We have always taken the position that should we be attacked by any power with a nuclear weapon, certainly we have the capacity to respond accordingly. We have also indicated to any country who would threaten our forces or our people with chemical or biological weapons that they would be met with a devastating response that would be quite swift and overwhelming. There's no designation of what that might entail, but it's very clear that it would be a very destructive force that they would be met with.

We're talking nuclear here.

We're talking to the extent that any country were to attack us with nuclear weapons then we obviously have a nuclear response. With respect to biologicals and chemicals, we have indicated it would be a swift, devastating response and overwhelming force. We have not indicated what that might entail. We've left that deliberately open.

But one doesn't have to use too much imagination as to what it might be.

I think any country that would seek to use chemicals or biologicals against the United States would regret it.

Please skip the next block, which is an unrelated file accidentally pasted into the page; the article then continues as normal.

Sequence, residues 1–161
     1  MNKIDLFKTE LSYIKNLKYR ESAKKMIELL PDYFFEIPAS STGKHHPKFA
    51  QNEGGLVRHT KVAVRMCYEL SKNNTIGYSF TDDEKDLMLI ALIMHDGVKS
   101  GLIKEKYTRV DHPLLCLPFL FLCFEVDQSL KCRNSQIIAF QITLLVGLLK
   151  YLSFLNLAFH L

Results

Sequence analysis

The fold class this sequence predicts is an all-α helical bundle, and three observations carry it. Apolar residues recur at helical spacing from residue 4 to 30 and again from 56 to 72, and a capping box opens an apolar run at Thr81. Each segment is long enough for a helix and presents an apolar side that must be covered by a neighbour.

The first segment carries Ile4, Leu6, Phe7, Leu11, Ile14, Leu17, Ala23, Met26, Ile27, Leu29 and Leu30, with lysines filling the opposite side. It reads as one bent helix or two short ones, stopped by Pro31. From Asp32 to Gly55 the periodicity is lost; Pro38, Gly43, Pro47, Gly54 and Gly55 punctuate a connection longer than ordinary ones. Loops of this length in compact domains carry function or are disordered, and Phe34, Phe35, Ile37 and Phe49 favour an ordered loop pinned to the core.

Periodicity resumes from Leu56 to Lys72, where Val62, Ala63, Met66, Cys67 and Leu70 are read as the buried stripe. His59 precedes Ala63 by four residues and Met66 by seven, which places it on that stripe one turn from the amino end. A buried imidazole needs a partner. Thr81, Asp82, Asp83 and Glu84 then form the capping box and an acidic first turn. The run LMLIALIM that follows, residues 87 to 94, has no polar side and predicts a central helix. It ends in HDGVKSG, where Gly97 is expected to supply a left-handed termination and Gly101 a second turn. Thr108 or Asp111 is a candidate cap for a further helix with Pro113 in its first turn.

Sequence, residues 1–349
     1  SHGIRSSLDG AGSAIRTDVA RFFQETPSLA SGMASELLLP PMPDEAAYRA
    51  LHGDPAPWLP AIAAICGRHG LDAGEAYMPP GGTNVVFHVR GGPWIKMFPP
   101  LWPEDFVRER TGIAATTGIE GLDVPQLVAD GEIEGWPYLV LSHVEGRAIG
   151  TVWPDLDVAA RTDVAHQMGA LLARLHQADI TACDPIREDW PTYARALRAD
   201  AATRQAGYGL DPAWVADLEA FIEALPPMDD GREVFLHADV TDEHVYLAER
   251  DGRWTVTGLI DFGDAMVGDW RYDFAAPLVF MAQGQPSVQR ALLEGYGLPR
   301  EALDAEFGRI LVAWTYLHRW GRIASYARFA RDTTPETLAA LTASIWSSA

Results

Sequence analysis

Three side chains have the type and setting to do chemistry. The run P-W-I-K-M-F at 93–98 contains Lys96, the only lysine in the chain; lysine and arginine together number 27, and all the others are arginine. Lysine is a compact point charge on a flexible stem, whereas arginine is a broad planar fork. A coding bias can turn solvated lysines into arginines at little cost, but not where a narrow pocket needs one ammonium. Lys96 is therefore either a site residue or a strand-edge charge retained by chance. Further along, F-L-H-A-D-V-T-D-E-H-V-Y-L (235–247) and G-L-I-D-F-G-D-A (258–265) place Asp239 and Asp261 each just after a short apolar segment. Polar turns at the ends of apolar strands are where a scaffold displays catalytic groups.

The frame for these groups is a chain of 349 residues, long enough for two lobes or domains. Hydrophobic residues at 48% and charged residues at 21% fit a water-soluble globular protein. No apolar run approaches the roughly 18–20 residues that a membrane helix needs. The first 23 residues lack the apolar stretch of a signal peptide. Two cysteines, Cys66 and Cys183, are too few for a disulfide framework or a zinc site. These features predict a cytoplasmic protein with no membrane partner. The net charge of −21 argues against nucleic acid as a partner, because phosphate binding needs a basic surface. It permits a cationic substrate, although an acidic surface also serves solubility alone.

What problems are posed by the genetic engineering of some of these biological organisms?

Well, to the extent that these various biological organisms can be genetically engineered, they can be engineered in a way that precludes any effective vaccine, so there'd be no protection, and no ability to help people recover from the disease they'd be suffering from. So the very same technology that is being used and developed to combat specific types of diseases can also be used to create them.

Do you think these are the weapons of the future?

I think these are the weapons of the future, but the future is coming closer and closer to today ... this is something that I think it's hard for most people to imagine that people are actually planning and trying to develop a plague that would wipe out millions of people.

This year, there was an operation, called table top, which was reported in the papers, in which a genetically engineered version of smallpox and Marburg virus was used in a war game on a Californian town. The results were catastrophic. Can you tell me more about that exercise?